Rocketing rents in urban areas are likely explained by agglomeration economies. This paper investigates the impact of these external economies on commercial property values, using unique micro data on commercial rents and employment.
A measure of agglomeration economies is applied that is continuous over space, avoiding the modifiable areal unit problem. To distinguish agglomeration economies from unobserved endowments and shocks, temporal variation in densities and instrumental variables have been used. The spatial extent of agglomeration economies was determined by estimating a spatial bandwidth within the model. The results show that agglomeration economies have a considerable impact on office rents: a standard deviation increase in employment density leads to a 10% increase in office rents. The geographical scope of these benefits is about 15 kilometres. The bias of disregarding time-invariant unobserved endowments and unobserved shocks seems to be limited.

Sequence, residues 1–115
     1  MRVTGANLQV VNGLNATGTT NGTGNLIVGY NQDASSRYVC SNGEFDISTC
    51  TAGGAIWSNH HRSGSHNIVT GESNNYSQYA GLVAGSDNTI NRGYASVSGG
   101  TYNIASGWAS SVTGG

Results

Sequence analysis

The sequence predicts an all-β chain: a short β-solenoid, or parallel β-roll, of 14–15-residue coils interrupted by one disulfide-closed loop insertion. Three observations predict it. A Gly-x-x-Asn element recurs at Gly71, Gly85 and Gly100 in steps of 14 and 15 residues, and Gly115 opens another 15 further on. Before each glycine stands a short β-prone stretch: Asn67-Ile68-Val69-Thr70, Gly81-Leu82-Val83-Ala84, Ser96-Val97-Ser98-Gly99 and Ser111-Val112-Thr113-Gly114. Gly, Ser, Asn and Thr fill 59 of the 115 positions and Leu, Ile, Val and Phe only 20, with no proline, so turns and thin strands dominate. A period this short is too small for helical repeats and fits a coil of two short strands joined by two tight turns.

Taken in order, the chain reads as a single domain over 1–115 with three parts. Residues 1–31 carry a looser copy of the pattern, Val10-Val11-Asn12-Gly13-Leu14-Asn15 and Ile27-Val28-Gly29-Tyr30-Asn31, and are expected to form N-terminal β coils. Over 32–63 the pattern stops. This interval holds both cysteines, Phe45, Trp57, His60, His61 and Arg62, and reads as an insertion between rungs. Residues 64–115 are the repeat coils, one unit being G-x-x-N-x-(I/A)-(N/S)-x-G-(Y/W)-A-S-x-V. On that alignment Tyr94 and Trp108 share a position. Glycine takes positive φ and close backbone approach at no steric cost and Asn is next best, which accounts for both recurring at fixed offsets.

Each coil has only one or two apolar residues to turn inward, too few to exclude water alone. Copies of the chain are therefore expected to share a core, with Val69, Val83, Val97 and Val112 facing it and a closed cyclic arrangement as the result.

PBL working paper 12